Now that our ECHO apartment is here and lived in, we have found that the quality and sturdiness of the modular home is exceptional. I learned that the reason the modular addition feels so solid is that it has to be built to withstand the trip from the factory and being lifted by a crane and placed on its foundation. That apartment does not have one single spot that squeaks or creaks. My home, on the other hand, squeaks and creaks everywhere we walk.
A note from The Home Store:
If you are interested in a Universal Design or ECHO home and will be building in an area we service, you may contact one of our salespeople at:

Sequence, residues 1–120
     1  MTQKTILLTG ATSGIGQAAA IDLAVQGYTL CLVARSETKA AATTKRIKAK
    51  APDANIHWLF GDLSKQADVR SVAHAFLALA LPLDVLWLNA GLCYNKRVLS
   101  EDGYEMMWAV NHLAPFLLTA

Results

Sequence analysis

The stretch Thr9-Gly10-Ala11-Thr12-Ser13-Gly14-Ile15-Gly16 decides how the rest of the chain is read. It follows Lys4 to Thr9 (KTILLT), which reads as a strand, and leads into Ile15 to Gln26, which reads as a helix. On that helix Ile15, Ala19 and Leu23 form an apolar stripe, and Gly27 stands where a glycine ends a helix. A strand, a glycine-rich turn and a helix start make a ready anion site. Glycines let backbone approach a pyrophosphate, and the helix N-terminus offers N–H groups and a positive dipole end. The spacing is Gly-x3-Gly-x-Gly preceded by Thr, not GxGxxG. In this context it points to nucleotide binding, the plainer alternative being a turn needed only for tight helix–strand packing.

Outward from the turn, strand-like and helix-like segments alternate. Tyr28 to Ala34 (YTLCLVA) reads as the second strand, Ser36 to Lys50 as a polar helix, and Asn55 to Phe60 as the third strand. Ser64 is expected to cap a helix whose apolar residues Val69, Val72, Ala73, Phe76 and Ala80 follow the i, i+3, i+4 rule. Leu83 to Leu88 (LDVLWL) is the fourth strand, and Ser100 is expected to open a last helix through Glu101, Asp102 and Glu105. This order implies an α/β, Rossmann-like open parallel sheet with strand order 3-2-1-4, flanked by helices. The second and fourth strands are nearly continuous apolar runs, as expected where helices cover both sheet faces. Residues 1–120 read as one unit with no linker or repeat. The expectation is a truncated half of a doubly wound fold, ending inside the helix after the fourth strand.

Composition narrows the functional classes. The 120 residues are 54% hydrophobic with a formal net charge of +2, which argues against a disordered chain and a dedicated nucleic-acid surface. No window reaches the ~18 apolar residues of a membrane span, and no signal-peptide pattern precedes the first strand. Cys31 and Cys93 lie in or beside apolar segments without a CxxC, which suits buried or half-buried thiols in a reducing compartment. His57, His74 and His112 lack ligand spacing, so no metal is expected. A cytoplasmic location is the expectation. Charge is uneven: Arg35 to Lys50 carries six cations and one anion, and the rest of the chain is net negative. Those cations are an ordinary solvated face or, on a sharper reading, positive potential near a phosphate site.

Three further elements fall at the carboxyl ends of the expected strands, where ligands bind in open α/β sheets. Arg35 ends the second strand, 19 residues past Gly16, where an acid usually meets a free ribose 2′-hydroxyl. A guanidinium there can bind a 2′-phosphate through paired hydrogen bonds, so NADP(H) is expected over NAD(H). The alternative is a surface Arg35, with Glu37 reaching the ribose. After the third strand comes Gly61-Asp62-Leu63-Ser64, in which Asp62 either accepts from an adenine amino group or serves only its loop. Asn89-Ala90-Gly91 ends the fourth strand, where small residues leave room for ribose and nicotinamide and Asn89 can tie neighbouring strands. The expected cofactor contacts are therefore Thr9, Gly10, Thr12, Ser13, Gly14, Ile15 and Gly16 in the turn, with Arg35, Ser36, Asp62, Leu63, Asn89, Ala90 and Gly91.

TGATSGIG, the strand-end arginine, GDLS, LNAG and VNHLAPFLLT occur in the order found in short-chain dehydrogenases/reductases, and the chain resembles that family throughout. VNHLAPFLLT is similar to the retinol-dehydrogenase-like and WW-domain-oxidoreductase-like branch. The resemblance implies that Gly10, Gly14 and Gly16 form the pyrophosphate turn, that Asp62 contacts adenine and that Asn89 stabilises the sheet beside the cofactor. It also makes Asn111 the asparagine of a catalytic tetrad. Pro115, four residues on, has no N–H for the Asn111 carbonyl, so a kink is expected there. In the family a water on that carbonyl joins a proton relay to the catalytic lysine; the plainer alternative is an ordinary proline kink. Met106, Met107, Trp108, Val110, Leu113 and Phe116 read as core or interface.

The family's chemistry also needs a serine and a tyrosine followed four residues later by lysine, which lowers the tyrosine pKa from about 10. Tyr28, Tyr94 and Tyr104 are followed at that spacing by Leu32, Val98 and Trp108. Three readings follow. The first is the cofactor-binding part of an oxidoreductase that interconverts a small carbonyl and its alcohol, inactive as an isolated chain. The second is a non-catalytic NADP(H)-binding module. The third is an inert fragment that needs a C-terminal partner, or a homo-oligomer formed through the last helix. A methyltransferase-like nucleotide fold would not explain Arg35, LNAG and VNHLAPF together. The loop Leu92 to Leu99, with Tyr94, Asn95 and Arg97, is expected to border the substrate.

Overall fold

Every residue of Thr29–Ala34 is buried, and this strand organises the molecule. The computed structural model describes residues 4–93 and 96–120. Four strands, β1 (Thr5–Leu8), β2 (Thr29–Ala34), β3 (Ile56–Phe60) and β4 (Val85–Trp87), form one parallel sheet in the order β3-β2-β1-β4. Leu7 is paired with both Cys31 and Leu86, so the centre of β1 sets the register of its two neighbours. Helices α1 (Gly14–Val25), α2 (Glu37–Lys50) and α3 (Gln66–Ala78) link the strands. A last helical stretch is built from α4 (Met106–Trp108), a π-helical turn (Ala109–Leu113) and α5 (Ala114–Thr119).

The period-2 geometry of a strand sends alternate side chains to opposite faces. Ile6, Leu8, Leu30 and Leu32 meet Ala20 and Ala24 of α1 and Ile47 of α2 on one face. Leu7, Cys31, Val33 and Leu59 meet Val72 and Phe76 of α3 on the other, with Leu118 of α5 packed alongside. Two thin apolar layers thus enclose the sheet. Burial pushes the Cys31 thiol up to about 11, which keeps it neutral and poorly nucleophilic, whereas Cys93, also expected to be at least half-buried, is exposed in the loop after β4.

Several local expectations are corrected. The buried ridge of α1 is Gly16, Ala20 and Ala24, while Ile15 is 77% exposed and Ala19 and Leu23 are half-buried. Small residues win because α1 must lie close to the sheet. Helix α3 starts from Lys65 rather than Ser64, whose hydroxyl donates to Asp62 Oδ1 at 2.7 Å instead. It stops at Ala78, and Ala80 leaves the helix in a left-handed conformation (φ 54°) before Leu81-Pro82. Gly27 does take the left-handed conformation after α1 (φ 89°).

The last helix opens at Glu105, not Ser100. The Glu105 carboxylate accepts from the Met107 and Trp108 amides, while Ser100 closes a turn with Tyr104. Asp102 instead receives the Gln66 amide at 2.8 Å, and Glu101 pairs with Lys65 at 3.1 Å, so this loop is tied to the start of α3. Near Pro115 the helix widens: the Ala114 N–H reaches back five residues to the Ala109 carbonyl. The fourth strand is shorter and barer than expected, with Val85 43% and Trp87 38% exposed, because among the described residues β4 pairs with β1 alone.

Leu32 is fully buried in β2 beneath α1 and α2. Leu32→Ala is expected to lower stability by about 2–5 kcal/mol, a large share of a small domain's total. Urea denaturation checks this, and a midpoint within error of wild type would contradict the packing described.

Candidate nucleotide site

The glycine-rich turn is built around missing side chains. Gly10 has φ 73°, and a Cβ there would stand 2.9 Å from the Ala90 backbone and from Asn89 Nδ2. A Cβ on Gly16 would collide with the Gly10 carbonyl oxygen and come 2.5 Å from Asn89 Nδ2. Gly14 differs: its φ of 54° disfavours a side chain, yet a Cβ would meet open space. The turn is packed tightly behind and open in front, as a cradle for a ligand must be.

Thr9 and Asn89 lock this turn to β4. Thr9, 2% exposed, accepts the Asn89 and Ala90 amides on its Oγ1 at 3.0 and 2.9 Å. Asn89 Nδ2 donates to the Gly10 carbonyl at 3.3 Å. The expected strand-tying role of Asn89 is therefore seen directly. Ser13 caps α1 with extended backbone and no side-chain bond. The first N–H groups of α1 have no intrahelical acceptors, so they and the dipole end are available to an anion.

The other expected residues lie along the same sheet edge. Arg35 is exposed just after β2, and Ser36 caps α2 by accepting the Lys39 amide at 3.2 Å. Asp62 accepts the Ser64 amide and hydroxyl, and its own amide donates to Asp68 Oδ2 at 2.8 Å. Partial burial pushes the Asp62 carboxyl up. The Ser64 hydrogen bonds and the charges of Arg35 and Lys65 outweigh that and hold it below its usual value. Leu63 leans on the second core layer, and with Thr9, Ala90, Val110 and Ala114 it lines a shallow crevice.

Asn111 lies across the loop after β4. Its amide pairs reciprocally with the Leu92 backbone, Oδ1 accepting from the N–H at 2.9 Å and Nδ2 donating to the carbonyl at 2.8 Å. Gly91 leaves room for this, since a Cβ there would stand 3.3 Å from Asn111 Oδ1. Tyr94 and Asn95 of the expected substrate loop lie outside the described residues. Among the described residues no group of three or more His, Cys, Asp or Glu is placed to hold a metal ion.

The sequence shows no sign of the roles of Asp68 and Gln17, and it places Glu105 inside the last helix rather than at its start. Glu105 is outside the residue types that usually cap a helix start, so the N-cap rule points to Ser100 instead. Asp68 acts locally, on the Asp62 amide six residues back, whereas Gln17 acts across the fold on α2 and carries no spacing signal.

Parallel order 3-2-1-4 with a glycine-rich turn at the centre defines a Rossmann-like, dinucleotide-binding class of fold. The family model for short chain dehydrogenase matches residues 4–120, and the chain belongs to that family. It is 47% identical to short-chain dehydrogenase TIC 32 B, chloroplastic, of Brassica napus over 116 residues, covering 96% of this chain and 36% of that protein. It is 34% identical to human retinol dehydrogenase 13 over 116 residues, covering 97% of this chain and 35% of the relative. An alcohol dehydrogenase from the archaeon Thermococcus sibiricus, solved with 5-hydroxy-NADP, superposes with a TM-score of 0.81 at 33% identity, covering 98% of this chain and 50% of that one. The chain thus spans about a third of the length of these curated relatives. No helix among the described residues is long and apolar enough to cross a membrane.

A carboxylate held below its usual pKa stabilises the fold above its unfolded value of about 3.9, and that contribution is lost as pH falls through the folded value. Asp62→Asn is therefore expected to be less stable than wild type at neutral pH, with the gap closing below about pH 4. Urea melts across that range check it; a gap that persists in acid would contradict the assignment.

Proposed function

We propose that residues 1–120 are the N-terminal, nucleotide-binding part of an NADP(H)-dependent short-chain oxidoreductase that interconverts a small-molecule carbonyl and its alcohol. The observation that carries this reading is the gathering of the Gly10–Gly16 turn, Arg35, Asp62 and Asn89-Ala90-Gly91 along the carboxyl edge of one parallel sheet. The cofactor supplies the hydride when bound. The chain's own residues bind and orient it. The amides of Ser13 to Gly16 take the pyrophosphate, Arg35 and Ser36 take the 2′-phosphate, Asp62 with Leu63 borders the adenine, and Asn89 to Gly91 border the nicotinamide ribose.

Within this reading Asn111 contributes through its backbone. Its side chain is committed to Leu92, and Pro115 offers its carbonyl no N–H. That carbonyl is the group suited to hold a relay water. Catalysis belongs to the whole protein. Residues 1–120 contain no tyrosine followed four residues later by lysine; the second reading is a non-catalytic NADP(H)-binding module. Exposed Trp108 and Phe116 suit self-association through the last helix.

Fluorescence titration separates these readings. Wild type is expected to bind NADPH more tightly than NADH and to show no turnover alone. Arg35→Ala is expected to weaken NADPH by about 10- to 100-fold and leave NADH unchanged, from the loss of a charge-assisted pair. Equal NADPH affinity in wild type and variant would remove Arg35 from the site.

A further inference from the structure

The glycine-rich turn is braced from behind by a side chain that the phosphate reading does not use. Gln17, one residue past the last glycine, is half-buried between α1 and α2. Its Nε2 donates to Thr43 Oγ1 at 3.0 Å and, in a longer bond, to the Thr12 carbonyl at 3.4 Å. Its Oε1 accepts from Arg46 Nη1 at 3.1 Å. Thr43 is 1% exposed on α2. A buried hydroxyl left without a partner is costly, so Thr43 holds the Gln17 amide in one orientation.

(413) 665-1266, ext. 13
or (800) 974-1266, ext. 13
If you live outside of the geographical area mentioned above, you can contact:
The Center for Universal Design at North Carolina State University:
(800) 647-6777 or (919) 515-3082 or e-mail: firstname.lastname@example.org.
The Home Modifications Action Project at The Andrus Gerontology Center at USC: (213) 740-1364 or e-mail: hmap@USC.edu.
For more information about the merits of building a new accessible home versus remodeling an older home, see Why Building a New Accessible Home Is Often Better than Remodeling.
For more information about modular additions, see chapter 8, “Building a Modular Addition,” in The Modular Home by Andrew Gianino, President of The Home Store.
For some examples of universal designed kitchens and bathrooms, see Kitchen and Baths.
For a comprehensive overview of what you need to know to build a modular home, order The Modular Home (325 pages) by Andrew Gianino, President of the Home Store.